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Indian Economy

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Indian economy has grown in recent times at a very fast pace and IT has been an important industry that has taken India into the global arena. There is no doubt that in recent times, information technology has emerged as the most fundamental strategic tool for an organization. It has influenced every aspect of commercial enterpriseÐ'--its structure, its products and services, its markets and processes. "However, in the beginning, I would like to dwell upon the strategic role of IT in building a nation." Information technology has been contributing significantly to productivity and growth in the global economy. A 2001 study of major technological revolutions over the last three centuries by the IMF (International Monetary Fund) has revealed that IT enhanced the growth rate of the United States economy by 1.8 percent per annum between 1995 and 2000. "During the same period, IT contributed to improvement in labour productivity by 1.6 percent annually. The IMF study states that even though the IT spending environment has weakened in the short term, the benefit of IT revolution to the global economy will continue if not accelerate in the long term.

The Indian IT industry was $ 16.5 billion in 2002-03. It constitutes 3.2 percent of the Indian GDP (gross domestic product). "While the size is attractive, it is significantly short of our potential. This has brought in precious foreign currency and developed the local economies of the places where IT companies are situated. With the emergence of IT- enabled services (ITES) industry, a new avenue of employment has been opened up for graduates. "This has contributed to mitigating the unemployment problem as well. In the next five years, the IT exports industry has the potential to grow to over $50 billion, contributing to 35 percent of India's exports and nearly 7 percent of our GDP. "Often when one speaks about Indian IT, the discussion tends to begin and end with software and services exports. The latent potential of the hardware sector appears to be completely ignored. Yet it is an area of enormous contribution potential. "the truth is that 47 percent of Singapore's GDP and 65 percent of Malaysia's GDP come from IT/electronic exports. "The tremendous economic growth that China has witnessed in the recent decade has been fueled to a large extent by the growth in hardware industry there. "China exported hardware worth $36 billion in 2001 and is the world's third largest electronics hardware manufacturer. Most importantly, a nation cannot be self-sufficient in strategic sectors like defence, unclear and space technologies without domestic capabilities in hardware development and manufacturing. No wonder, then, that IT accounts for 5.6 percent of spends in the US and 4.4. percent of spends in Singapore. "Initiatives like e-governance bring in transparency, improve internal efficiencies and enhance the quality of citizen services. "IT is certainly one area where with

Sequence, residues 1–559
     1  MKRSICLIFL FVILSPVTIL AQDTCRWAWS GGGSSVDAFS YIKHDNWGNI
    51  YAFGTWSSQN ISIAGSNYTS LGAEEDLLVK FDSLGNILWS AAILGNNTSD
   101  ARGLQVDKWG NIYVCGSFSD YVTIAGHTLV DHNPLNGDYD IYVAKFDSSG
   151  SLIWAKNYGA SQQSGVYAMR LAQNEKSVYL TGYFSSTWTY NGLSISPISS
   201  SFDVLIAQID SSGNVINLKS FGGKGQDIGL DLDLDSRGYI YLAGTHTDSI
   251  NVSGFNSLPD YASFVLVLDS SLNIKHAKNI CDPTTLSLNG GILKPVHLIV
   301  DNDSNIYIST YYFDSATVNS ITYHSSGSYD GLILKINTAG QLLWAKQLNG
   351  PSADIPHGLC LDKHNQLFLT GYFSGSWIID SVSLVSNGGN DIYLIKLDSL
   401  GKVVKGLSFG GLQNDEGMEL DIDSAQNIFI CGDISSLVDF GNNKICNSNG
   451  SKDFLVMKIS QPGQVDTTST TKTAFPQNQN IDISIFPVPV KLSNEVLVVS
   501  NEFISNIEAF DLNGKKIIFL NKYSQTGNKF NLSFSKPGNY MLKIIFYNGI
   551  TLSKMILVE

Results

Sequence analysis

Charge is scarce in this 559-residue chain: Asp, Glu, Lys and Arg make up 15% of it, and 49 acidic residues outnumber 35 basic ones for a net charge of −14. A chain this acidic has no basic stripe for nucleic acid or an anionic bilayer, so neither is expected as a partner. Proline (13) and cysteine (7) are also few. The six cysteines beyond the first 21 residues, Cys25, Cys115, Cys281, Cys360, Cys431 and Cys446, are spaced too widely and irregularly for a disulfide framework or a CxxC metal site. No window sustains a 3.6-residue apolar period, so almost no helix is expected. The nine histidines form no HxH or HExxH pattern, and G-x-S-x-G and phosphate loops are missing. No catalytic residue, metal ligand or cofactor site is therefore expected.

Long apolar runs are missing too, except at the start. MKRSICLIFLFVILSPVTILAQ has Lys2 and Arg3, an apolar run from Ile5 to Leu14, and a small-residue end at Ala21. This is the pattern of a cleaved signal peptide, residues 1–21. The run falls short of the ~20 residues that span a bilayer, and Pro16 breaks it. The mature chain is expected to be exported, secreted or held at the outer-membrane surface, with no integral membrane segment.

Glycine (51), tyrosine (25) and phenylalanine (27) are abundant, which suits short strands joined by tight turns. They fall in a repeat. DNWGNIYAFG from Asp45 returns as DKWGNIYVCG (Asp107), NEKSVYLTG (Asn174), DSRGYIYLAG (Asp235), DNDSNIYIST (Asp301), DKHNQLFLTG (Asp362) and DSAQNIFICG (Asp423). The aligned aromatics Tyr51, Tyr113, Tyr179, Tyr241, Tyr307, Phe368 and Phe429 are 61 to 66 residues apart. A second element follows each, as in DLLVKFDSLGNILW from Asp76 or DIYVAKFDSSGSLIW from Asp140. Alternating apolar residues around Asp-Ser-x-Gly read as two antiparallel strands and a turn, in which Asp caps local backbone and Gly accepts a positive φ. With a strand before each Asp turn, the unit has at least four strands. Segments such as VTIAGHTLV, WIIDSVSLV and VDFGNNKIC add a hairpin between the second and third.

significant synergies we can achieve for our country. "

A robust hardware industry is required to sustain a growing software industry has long been argued by experts. Yet, such arguments have met with little enthusiasm from policy makers who continue to dither on adopting a Hardware Policy. In the interim, hardware manufacturing stumbles along in insignificance. RAJNEESH DE reports India's $10 billion, globally oriented software services industry might have put India on the world's IT map, but its IT hardware manufacturing industry is barely visible even within the country. Despite a production target of Rs. 17,850 crore set for the computers and peripherals segment for the last year of the Ninth plan (2001-2002), indigenous manufacture of this category of products aggregated to a mere Rs.3,400 crore ($0.6 billion) in 2000-01, compared to China's $20 billion, Taiwan's $30 billion and tiny Malaysia $5 billion. Why does hardware manufacturing remaining insignificant in the world's fourth largest manufacturing economy? Comments Manoj Chhura, country manager-manufacturing, IBM India, " The manufacture of if related components and finished goods is a critical element in the overall economic growth strategies of many newly industrialized or industrializing nations, including China. Exports of electronic equipment and components represent 47 percent



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